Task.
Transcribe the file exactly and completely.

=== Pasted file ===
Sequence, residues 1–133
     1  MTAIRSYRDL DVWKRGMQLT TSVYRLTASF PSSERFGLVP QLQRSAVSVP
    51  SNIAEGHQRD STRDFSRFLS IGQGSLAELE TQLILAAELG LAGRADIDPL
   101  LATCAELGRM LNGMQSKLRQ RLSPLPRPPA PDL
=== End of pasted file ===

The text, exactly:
Sequence, residues 1–133
     1  MTAIRSYRDL DVWKRGMQLT TSVYRLTASF PSSERFGLVP QLQRSAVSVP
    51  SNIAEGHQRD STRDFSRFLS IGQGSLAELE TQLILAAELG LAGRADIDPL
   101  LATCAELGRM LNGMQSKLRQ RLSPLPRPPA PDL